Five biggest misunderstandings about Eth2.0: ETH2.0 will never be launched? Will this fork produce two kinds of ETH tokens?

Editor's Note: The original title was "Five Biggest Misunderstandings of Eth2.0"

Foreword: For many people, ETH2.0 is a flower in the mist, it seems to understand. At the same time, there are many misunderstandings about ETH2.0. It takes more information and longer time to really understand ETH 2.0, but this is normal because it is a new thing. Many stages of it are still being researched, and there is no final specification. So, in author Trenton Van Epps's view, what are the biggest misunderstandings of ETH2.0 at the moment? This article was translated by "CoLi" from the "Blue Fox Notes" community.

You may have heard that ETH 2.0 will be launched this year. Maybe you've seen some talk from Devcon V, or maybe you've seen the new testnet block browser from Etherscan, Bitfly or Alethio. Yes, it is being launched.

However, in the disillusionment of the bear market, there have also been some misunderstandings. I collected some of the most common misconceptions, including their background, corrections, or provenance.

Here is a list of five misconceptions:

  • "ETH2.0 will never be launched"
  • "The transition to ETH2.0 will lead to the immediate abandonment of ETH1.0"
  • "This fork will generate two ETH tokens"
  • "All ETH2.0 decisions are made by Vitalik"
  • "ETH2.0 is the all-round solution to the challenge of ETH1.0"

Myth 1: "ETH2.0 will never be launched"

According to the various situations we have, ETH2.0 will be launched in 2020. The storage contract bytecode has just been formally verified by Runtime Verification, which means it can be deployed to the mainnet. Prysm, Lighthouse, and Nimbus have been iterating with long-used testnets and have recently switched to the mainnet specification. Every week brings innovative client optimization, larger testnets, and well-informed pledgers. (Blue Fox Note: Prysm, Lighthouse and Nimbus are the three main ETH2.0 clients)

Although it has definitely been a long way since the refactoring began in mid-2018. But the timetable has been set. The best estimate for client developers is that Phase 0 will be launched this summer.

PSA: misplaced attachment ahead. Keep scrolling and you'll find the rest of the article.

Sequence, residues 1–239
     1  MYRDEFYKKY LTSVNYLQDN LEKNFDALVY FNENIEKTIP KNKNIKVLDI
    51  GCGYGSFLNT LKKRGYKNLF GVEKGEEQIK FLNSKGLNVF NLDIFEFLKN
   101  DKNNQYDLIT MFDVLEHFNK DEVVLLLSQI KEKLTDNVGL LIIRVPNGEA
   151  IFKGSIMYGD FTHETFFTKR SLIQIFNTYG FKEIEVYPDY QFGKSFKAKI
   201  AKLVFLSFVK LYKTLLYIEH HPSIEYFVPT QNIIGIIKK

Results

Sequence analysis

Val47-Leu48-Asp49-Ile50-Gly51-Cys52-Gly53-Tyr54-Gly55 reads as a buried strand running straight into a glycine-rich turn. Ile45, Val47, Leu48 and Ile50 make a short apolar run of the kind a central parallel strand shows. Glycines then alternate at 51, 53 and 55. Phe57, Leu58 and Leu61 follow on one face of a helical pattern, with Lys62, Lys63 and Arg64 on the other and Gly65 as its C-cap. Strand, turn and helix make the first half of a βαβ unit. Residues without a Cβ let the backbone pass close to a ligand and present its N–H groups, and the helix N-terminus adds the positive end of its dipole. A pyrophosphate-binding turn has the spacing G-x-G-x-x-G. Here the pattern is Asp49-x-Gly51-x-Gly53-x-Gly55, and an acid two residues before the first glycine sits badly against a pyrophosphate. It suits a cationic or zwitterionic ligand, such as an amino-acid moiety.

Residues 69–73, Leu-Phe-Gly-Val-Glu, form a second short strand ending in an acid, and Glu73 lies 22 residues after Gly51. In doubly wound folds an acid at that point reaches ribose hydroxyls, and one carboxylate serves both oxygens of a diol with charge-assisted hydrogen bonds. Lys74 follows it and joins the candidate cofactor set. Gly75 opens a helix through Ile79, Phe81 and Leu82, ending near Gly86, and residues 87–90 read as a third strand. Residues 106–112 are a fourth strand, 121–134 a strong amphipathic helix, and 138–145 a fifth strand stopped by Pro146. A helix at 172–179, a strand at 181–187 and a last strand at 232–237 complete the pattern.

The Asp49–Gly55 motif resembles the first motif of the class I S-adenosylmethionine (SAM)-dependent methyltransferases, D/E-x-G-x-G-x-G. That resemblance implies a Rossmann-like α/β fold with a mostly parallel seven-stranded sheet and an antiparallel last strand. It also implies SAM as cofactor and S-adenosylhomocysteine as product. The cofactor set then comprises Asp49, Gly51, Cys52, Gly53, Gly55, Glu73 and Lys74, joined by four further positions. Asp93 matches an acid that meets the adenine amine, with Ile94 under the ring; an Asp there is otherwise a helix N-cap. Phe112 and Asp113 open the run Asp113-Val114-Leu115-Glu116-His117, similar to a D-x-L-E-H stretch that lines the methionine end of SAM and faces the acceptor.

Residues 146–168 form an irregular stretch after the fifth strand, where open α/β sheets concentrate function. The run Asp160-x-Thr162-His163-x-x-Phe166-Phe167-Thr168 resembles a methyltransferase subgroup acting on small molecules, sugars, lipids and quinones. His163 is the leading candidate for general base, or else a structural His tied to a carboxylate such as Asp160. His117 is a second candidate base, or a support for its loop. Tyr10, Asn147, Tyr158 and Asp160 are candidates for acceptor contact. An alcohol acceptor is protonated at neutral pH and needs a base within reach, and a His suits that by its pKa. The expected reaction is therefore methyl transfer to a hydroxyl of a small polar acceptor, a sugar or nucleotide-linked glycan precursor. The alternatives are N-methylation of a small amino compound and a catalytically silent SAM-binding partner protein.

* Attestant.io: "Sometime in the second or third quarter"

* Paul Hauner, @ 43min: "Midyear"

Specifically, you can follow "Eth2.0 Quick Update" by Danny Ryan or "New Progress of ETH2.0" by Ben Edgington.

Misunderstanding 2: "The transition to ETH2.0 will lead to the immediate deprecation of ETH1.0"

Before merging the two protocols, ETH1.0 will coexist with ETH2.0 for at least a period of time. This includes the history of the chain status, the DeFi applications built on it, and all NFT crypto tokens.

This is a staged scene shown by asset fusion, formed by participants.

ETH2.0 is divided into several phases. These phases are being researched, developed, and deployed, and ETH 1.0 will still operate normally. However, as these stages mature and deploy, there will be a period of time when the ETH 1.0 status will be fully integrated into the ETH 2.0 system. On Ethresear.ch you can see the latest advice on how to achieve this: alternative proposals for early ETH1.0 <-> ETH2.0 fusion.

Only after a thorough study of all options and their trade-offs can ETH 1.0 be fully integrated. This is the right approach to security awareness, as opposed to arbitrarily closing services and trying to squeeze timelines. Phased brings many benefits.

First, it's good risk management to divide the code into discrete function blocks. Researchers, client implementers, and auditors can more easily infer the protocol architecture by evaluating it in a manageable part. Second, it allows for parallel research, implementation, and testing, leading to faster rollout of the mainnet. Now we see the benefits of this model: Both Phasery Labs and Lighthouse have Phase 0 public testnets, while Phase1 and Phase2 are still ongoing.